1. I love how this “economy” has become an entity in itself … it’s a thing! It’s not you and me – it’s “economy” … we don’t matter, our kids don’t matter, the citizens of a country don’t matter – it’s the economy, mate!

    So, riddle me this then … if being the citizen of Australia has devalued so much that it no longer counts, why do we bother spending 50 billions on submarines to defend a country which doesn’t matter?

      • Sorry Sir – I will report to the closes re-education camp… Thank you for showing me the error of my ways.

    • This lot want a return to a 19th century UK and the left want coffee shops and ethnic food shops all over the place.

      They have so much in common I don’t know why they don’t get together and have a big sordid party with relations.

      • Yep. The right wing wants people to come here and work for $10/hour. The left wing also wants people to come here directly from 3rd world villages but is too stupid to realise that they agree to work here for $10/hour.

        The right wing has the same tap water policies as the stupid left wing. So then what is the point of voting in a right wing government?

      • Well it gets quite detailed. One reason might be that sites like this could be shut down under the left.

      • drsmithyMEMBER

        Well it gets quite detailed. One reason might be that sites like this could be shut down under the left.

        Indeed. Demonstrated by the blocking of some websites brought in by our current far-left Government.

  2. Even StevenMEMBER

    Reading David Uren’s comments makes me despair for the state of economic journalism in this country.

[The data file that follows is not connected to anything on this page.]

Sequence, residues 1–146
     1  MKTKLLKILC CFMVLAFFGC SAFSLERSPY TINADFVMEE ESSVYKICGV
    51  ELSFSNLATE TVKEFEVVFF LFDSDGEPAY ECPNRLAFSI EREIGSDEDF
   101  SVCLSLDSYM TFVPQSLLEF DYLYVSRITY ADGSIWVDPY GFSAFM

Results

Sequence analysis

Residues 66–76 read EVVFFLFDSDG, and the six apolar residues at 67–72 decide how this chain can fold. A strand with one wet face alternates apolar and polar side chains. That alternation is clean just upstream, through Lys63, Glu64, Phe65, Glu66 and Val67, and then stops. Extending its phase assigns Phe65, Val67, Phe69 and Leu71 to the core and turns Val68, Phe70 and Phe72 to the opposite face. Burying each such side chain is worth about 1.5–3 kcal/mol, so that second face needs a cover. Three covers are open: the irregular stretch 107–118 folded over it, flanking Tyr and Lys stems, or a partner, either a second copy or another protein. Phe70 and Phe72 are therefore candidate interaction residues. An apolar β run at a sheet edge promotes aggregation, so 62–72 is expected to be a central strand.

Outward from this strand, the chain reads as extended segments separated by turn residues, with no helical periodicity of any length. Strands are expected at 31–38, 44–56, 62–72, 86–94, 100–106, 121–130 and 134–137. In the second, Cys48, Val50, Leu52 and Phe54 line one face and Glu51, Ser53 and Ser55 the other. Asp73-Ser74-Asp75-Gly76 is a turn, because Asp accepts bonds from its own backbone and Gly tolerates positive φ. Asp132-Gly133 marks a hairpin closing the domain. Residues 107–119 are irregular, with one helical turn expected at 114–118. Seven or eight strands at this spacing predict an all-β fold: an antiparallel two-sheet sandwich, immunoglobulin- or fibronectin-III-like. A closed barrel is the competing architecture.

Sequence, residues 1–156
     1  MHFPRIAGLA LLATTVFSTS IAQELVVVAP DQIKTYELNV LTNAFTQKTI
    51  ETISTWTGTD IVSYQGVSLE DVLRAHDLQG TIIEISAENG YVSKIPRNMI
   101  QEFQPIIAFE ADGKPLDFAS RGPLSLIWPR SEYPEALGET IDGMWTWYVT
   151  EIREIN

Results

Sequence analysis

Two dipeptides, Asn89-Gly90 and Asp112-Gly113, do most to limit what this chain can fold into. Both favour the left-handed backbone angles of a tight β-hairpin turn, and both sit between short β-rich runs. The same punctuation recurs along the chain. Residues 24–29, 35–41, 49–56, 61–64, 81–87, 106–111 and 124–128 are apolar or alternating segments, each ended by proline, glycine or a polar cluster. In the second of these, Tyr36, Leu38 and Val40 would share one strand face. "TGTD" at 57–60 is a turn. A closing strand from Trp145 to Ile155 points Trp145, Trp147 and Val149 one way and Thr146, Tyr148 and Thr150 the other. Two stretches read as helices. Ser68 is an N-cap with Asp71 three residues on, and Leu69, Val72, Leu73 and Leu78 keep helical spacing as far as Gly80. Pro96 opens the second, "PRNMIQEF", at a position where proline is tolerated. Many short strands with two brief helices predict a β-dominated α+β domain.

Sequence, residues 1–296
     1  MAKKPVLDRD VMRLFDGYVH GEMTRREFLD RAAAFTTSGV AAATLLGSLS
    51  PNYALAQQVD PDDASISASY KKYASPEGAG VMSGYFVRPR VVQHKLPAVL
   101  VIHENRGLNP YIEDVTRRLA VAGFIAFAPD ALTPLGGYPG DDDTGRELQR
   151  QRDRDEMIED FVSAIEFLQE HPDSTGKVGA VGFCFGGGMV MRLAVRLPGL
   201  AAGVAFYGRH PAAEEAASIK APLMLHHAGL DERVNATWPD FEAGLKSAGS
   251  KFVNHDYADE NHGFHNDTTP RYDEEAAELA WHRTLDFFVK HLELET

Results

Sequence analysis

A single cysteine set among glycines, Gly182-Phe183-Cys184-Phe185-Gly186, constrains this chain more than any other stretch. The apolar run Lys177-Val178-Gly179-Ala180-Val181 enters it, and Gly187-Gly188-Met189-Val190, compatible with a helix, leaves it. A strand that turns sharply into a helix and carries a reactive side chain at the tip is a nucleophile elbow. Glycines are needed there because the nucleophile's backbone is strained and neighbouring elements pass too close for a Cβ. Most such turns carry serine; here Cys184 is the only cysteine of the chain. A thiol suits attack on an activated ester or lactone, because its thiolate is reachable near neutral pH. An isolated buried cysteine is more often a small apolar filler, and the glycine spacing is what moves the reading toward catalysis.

Can someone please send Mr Uren a link to the Productivity Commission’s report?

      • Torchwood1979

        LOL! I facepalmed at his “fertile” Asians comment. Uren sounds like a weird as devo with a fetish for hot Asian chicks.

      • I don’t know what kind of Asians you’re getting in Sydney, but the ones in Melbourne sure are ugly. Overweight and with bad skin. The Indian ones are all male. Overall attractiveness of the population is definitely going down due to immigration from the 2nd/3rd world.

        Madness too when we have lots of beautiful Eastern Europeans/Russians/South Americans who would love to come here… instead we let in every Ahmed, Prakesh, and Qin Yang.

        The international students from Asia in continental Europe are much better looking. Probably because they are there for an education, not to work illegally at Dominos and 7/11.

      • @igygoyug

        Well – when you’re the only one left, after your colleagues were fired, I guess it becomes a case of “any port in a storm”.
        Hell – even the cattle starts looking appealing – hence the mounting of the sacred cow title 😀

  3. adelaide_economist

    Shame. He used to be a reasonable journalist from memory but I guess like the Irving’s of this world he realised a pay cheque is more valuable than having a conscience. Fertile Asians? The evidence suggests our most fertile migrants are of different origin and let’s not mention how fertility of the existing population is being crimped by expensive housing and uncertain jobs. Then again let’s just replace the existing population with those used to lower standards so they don’t complain. That’s pretty much what it boils down to.

    • That’s pretty much it. These cretins are safe living in their expensive and quarantined suburbs, with their standard of living increasing, they see no difference. However everyone else is going backwards and the new people arriving thinks it’s paradise compared to the smelly, dirty and overcrowded countries they are coming from.

    • billygoatMEMBER

      WTF Fertile Asians???
      Racist but in a good way with sound intention because breeding Asians contribute positively to Australian growth, productivity & prosperity (for some.)
      Besides ‘Fertile Caucasians’ are becoming extinct as they discover their transgender origins. #f$$kimmigration #f$$kpoliticalcorrectness #f$$ktransgenderagenda

  4. The stupid…it’s too strong for me.

    I’m really, really starting to hate these bastards. With a passion.